A few years ago, I relocated to a small Caribbean island as a medical volunteer. One night, during a torrential downpour, a soldier from the national army came banging on my tent. He was fully armed and sporting a Vietnam-era M16 and surplus fatigues. His squad vehicle had hit a mudflow a few kilometers away, and there were some injuries. I quickly grabbed my emergency go-bag and SureFire E2L LED Defender® to follow him down the dirt road.
No more than a few meters out of the village, he turned off the road and into the jungle. He was using some cheap, no-good flashlight that was barely powerful enough to light up a bathroom medicine cabinet. I pulled out my Defender and it lit up the jungle like it was the Fourth of July. He looked at my light like he was in shock—as though he’d never seen anything so bright. We heard screaming in the distance. He had been leading me in the wrong direction with his weak flashlight, but his comrades saw the 200-lumen beam from my Defender and found us, taking us to the accident scene.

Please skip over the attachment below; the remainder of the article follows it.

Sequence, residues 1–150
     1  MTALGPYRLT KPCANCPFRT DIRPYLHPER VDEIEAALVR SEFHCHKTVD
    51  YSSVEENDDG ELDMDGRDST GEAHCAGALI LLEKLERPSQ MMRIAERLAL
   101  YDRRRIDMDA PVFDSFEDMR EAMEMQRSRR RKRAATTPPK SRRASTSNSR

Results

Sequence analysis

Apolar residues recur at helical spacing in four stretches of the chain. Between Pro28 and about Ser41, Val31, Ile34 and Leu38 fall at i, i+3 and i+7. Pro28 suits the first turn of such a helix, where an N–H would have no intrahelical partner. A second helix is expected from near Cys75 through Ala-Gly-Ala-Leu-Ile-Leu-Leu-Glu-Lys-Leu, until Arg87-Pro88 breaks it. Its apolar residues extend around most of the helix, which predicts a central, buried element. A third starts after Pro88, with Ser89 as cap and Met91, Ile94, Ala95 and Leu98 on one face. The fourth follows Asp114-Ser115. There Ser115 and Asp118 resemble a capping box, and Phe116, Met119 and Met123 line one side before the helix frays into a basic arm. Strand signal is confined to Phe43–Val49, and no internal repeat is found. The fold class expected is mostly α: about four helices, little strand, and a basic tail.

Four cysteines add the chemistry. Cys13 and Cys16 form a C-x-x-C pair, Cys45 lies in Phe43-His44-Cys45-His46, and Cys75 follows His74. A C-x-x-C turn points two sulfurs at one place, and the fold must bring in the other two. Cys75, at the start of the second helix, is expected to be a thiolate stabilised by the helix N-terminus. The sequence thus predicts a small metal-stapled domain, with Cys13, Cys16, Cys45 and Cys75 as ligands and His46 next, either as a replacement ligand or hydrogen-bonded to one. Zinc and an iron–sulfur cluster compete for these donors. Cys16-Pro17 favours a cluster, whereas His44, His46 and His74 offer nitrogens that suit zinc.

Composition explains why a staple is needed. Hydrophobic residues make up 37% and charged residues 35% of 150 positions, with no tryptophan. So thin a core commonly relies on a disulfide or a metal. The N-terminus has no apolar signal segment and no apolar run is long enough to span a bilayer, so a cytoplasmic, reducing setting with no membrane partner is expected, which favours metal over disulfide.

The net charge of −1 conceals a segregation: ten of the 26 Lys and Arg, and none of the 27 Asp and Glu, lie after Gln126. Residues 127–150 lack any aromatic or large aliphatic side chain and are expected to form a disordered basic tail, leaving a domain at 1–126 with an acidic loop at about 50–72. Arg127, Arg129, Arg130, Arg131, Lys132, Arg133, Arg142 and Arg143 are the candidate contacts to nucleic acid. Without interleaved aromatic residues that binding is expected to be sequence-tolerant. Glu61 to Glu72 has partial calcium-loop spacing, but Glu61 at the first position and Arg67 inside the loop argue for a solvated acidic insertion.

At the scene, it looked as though the vehicle had been picked up and slammed against a tree. Seven soldiers were riding in compact pickup truck that could only seat three inside. One man was barely clinging on to life: he’d been carrying his bayonet, without a scabbard, tucked into his belt and during the crash cut the femoral artery on the inside of his thigh. The artery had only been nicked, but he was losing blood rapidly, and the only hospital on the island was over 50 km away. I had to suture it immediately, so, in the pitch-black darkness of a tropical rainforest, without even the light of the moon, I handed my Defender to a corporal to hold overhead and went to work closing that artery and stopping the bleeding.
The 200 lumens of my SureFire E2DL saved that man’s life that night, both by getting me to the scene in time and by providing enough light to do what was needed to stop the bleeding.
South Gate, CA